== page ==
Preface
Introduction
Health IT and Medical Science
Meaningful Use and What It Means to Be an EHR
Why So Late?
Health IT in Health Reform
Evolution of Meaningful Use
Accountable Care Organizations
EHR Functionality in Context
An Anatomy of Medical Practice
How Patients Reach Healthcare Organizations
Lab Sample Collection Before a Visit or Admission Date
HIPAA and Patient Identification
Intake, Demographics, Visits, and Admissions
Precertification and Prior Authorization
Emergency Admissions
Prioritization and Triage
Outpatient Care
Inpatient Care
Labs
Imaging
Administration and Billing
Medical Billing
Who Pays, and How
Claims
Eligibility
Treatment
Billing
The Billing Process
Complexities in Billing
Adjudication
The Patient's Burden
The Bandwidth of Paper
Workflow Tokens
Why Leave Paper?
Step 0: Health IT Humility
Normalized Data
Good Boundaries Mean Good Data
Data at Peace with Itself: Linked Data
Flexible Data
Assume Health Data Changes
Free Text Data
Herding Cats: Healthcare Management and Business Office Operations
Major Business Office Activities
Insurance
Records
Demographics
Revenue Collection
Auditing
Accounting
Reporting
Licensing, Credentials, and Enrollments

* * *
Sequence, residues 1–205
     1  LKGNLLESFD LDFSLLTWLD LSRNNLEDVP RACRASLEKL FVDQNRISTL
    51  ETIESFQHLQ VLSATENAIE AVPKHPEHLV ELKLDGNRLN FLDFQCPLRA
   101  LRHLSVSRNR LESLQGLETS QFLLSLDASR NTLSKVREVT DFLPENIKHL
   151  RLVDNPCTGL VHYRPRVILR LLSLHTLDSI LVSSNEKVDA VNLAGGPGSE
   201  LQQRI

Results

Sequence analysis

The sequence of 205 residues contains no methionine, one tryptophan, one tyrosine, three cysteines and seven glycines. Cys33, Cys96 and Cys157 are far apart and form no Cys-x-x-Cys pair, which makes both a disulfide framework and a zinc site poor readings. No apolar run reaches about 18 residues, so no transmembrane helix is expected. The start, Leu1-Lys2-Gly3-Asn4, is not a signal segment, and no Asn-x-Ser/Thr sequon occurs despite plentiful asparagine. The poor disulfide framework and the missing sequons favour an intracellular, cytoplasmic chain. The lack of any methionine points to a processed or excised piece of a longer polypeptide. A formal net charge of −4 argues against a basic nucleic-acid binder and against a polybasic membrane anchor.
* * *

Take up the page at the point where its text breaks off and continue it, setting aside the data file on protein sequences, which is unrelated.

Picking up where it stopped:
Nonhealthcare Interactions
The Evolution of the Business Office
Patient-Facing Software
The PHR as Platform
Sharing Data in Patient-Facing Software
Patients Using Normal Social Media
E-patients
The Quantified Self
Patient-Focused Social Media
Patient Privacy in PHR Systems
Specific PHR and Patient-Directed Meaningful Use Requirements
Human Error
The Extent of Error
Dangerous Dosing
Discontents of Computerization
Process Errors and Organizational Change
Deep Medical Errors and EHR Solutions
Errors Caused by Human-Computer Mismatch
Best Practices
Meaningful Use Overview
Outpatient Guidelines and Requirements
Inpatient Guidelines and Requirements
A Selective History of EHR Technology
MUMPS: The Programming Language for Healthcare
Where Can We Buy Some Light Bulbs?
Fragmentation
In an Environment with Gag Clauses and No Consumer Reports
VistA History
Ontologies
A Throw-Away Ontology
Learning from Our Example
CPT Codes, Sermo, and CMS
International Classification of Diseases (1CD)
E-patient-Dave-gate
Crosswalks and ICD Versions
Other Claims Codes
Drug Databases
SNOMED to the Rescue
SNOMED Example
SNOMED and the Semantic Web
UMLS: The Universal Mapping Metaontology
Extending Ontologies
Other Ontologies
Sneaky Ontologies
Ontologies Using APIs
Exercising Ontologies
Interoperability
Some Lessons from Earlier Exchanges
The New HIE Rules
Strong Standards
Winning Protocols
The Billing Protocols
HL7 Version 2
First-Generation and Second-Generation HIEs
Continuity of Care Record
HL7 v3, RIM, CDA, CDD, and HITSP C32
The IHE Protocol
HIE with IHE
Managing Patient Identifiers with IHE
IHE Data Exchange, the Library Model
IHE in the NWHIN
The Direct Project/Protocol
The PCAST Report
The SMART Platform
Technology and Policy Were Sitting in the Tree
HIPAA: The Far-Reaching Healthcare Regulation
Does HIPAA Cover Me?
Responsibilities of Covered Entities
HIPAA: A Reasonable Regulation
Duct-Tape HIPAA Strategies
Breach Notification Rules
In Summary
Open Source Systems
Why Open Source?
Major Open Source Healthcare Projects
ClearHealth
Mirth Connect
VistA Variants and Other Certified Open Source EHR Systems
OpenMRS
Appendix: Meaningful Use Implementation Assessment